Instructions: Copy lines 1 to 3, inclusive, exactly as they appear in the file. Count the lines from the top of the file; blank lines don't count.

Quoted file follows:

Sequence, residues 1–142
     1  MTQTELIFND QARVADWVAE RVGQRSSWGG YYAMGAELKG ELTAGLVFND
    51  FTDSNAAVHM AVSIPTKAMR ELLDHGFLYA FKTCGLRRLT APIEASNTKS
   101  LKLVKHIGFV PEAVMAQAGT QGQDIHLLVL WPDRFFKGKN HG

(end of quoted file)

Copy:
Sequence, residues 1–142
     1  MTQTELIFND QARVADWVAE RVGQRSSWGG YYAMGAELKG ELTAGLVFND
    51  FTDSNAAVHM AVSIPTKAMR ELLDHGFLYA FKTCGLRRLT APIEASNTKS